Franklin High School nearing completion: ‘An absolutely beautiful space’

Students will begin classes in the new $48 million building March 4

Franklin City Schools recently announced that the new $48 million Franklin High School will open on Monday, March 4. The Board of Education will hold a dedication ceremony and open house at the new facility located at 136 E. Sixth Street on Saturday, March 2.

“The building design was a collaboration among the board, administration, high school staff and the public, and we’re excited for everyone to see how their ideas have come to life,” said Superintendent Michael Sander. “It’s an absolutely beautiful space that will be a wonderful learning environment for our students.”

Sander said he could not imagine how beautiful the building turned out from the construction drawings. “It’s unbelievable,” he said.

Sander said transitioning from the current high school on East Fourth Street to the new one will involve high school students learning remotely for two weeks. Grades 9-12 will be remote from Feb. 20 through March 1. He said more transition details will be announced closer to that time.

On a recent hard-hat tour of the new high school, the first thing that people experience is the large amount of natural light through the many windows. The building has its events/extracurricular area complete with a new gym, as well as an auxiliary/practice gym.

There’s a new band room that is one-third larger than the current band room and with much more room for storage, a chorus room and practice rooms. The building has a training room, a weight room, physical education and team locker rooms, a health classroom, and a large lobby area complete with new trophy cases.

Sander said new video scoreboards will be installed at each end of the new gym, a donation from the family of NBA basketball star and Franklin High School alumnus Luke Kennard. However, due to supply chain delays, the new gym will not be used until air handlers arrive and get installed. Sander said athletic events won’t be held in the new gym until the start of the 2024-2025 school year.

Another feature of the gym is that the concession stand is adjacent to the school cafeteria, which is much larger than the current cafeteria. There is also a ticket office window on the west side of the building where the athletic offices are located. This way, people won’t have to enter the building to purchase tickets. There is also a canopy where people can be shielded from the elements.

Also on that side of the building is the administration and guidance offices, a clinic, and a security vestibule. There are also offices for the school resource officer, a staff lounge and conference rooms. Sander said there are no keys, as everything opens with swipe cards.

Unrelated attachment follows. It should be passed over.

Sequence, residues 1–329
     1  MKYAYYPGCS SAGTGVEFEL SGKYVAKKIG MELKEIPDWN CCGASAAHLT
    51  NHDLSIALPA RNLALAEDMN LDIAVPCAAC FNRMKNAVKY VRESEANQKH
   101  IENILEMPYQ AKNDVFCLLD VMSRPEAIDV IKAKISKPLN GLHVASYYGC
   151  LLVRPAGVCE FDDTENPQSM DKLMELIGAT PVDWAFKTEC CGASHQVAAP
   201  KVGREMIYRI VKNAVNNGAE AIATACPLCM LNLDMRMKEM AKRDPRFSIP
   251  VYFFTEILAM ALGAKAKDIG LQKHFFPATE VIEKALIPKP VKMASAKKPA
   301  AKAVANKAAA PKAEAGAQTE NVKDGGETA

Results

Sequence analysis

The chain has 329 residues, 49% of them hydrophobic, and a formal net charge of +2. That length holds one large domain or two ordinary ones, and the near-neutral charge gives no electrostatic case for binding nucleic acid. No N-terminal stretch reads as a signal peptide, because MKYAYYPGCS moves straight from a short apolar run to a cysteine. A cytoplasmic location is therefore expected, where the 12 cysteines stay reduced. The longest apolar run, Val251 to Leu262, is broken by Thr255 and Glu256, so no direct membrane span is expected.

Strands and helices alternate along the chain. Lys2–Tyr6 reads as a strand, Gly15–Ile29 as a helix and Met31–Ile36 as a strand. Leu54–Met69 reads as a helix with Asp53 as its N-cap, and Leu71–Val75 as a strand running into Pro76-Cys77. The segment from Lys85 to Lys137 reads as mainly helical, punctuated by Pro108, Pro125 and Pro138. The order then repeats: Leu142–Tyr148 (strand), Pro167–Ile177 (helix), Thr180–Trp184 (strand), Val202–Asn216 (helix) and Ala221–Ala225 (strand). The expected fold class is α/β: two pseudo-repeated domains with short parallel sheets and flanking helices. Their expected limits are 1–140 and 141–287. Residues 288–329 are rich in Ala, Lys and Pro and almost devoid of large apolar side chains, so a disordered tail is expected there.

The rest of the building features two floors of classrooms that include specialized career tech, science and drama classrooms. In addition, there is a courtyard inside the building walls that can be used for outdoor performances, studying, and classes.

The new building pays homage to the former Franklin High/Junior High that once stood in that place with the banding around the windows which have a difference in the brick coloring.

“Franklin’s kids deserve this building, which will be the center of community pride,” he said. “This is a first-class building that meets the needs of students and teachers.”

A new pedestrian bridge connecting the building to the new parking lot will be rededicated to Bob Hannum, a Franklin football player who died from an injury sustained in a game with Miamisburg in 1946. Sander said a plaque will be installed on the bridge.

The new high school is the first of the district’s new classroom facilities to open. The construction project was possible through voter passage of a bond issue in 2020 for the new high school, the renovation of the current high school into a middle school for grades 6-8, and three new elementary schools. The state of Ohio is paying 57% of the district’s $130 million construction project.

“It’s fantastic,” said Katrina Hillard, the district’s former assistant treasurer who has three children attending Franklin Schools. “There was a lot of work and community involvement. There are going to be a lot of happy students, people, teachers and staff. Everyone had a hand in this.”

“I think its great,” said Tyler Leonard, district payroll coordinator. “It’s well thought out and the community deserves this. I’m glad the kids will get to experience it.”

The state funding for the new Gerke, Schenck and Hunter elementary buildings is expected to be released in 2027, according to district and state officials.

The bond issue covers local initiatives such as constructing a new bus garage, moving the central office into the new high school building, installing gas and other utility lines, and the demolition of Hampton Bennett School for a new student parking lot.

Sander said once the new high school opens, the district will be tearing down some houses and the former Save-a-Lot grocery that are adjacent to the property. The district purchased the properties prior to the start of construction.

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